• Philippine Resources

Foreign Firms Look Into PH Mines



With the government considering the Philippine mining industry as a major contributor to economic recovery, both local and international firms are now revisiting their prospects because this industry has not been impacted much by the current pandemic.

According to Philippine Mining and Exploration Association (PMEA) President Joey Ayson, “We have a number of foreign companies looking at the Philippines right now. They believe that most companies have weathered the storm of COVID.”

He noted that while more investments in mining would help the economy, the market is just waiting for some policy changes to attract more investors.

“Metal prices have gone up and what most companies are doing right now is that they are revisiting strategies in light of COVID,” Ayson said. “We have the chance to walk the talk as mining is one of the industries that will provide revenues post-pandemic,” he said.

Meanwhile, Mines and Geosciences Bureau director Wilfredo Moncano said the government is continuously looking for ways to help the economy, including supporting mines. “We are also targeting new approvals of MPSA (mineral production sharing agreement) provided there will be a support to amend EO 79, as well as those suspended mines to resume operations,” he said.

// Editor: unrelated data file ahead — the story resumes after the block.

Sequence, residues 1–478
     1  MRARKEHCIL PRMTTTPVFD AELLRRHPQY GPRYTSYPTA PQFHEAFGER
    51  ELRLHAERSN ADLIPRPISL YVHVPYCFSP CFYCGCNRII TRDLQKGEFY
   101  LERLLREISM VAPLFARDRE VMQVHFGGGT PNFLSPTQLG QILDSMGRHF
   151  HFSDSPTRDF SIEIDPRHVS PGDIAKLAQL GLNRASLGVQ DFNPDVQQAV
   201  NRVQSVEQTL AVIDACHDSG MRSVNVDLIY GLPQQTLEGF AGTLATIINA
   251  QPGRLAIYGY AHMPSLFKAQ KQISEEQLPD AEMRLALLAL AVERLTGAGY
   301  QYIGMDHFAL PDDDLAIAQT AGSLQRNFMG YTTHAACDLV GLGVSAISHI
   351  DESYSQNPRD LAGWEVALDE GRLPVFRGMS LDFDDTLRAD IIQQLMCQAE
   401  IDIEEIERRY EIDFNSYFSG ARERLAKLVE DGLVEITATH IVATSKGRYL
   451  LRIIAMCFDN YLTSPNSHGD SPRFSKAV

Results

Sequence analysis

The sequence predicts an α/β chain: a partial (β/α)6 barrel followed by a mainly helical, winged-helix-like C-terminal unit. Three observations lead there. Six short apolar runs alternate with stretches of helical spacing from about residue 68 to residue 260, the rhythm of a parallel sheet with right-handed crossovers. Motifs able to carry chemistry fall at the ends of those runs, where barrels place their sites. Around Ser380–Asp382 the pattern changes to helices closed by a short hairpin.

He added that the MGB is looking at the renewal of pending applications under the Office of the President and the Minahang Bayan approvals. Executive Order 79 also put a moratorium on new mineral agreements pending a new fiscal regime in the mining industry.

For Ayson, the government should look at EO 79 and the existing ban on open-pit mining. “We just need a little bit more push right now, policies need to be revised and looked at,” he said.

Furthermore, the Chamber of Mines of the Philippines executive director Ronald Recidoro said the same thing.

“We have trillions of pesos of resources underground. This is the last card of the government to help recover. We need to revive the industry and we need to do it right,” he said. “And I think we are on the right track, the moratorium has been there for 10 years now and since then, the industry has been improving standards, transparency and environmental protection.”

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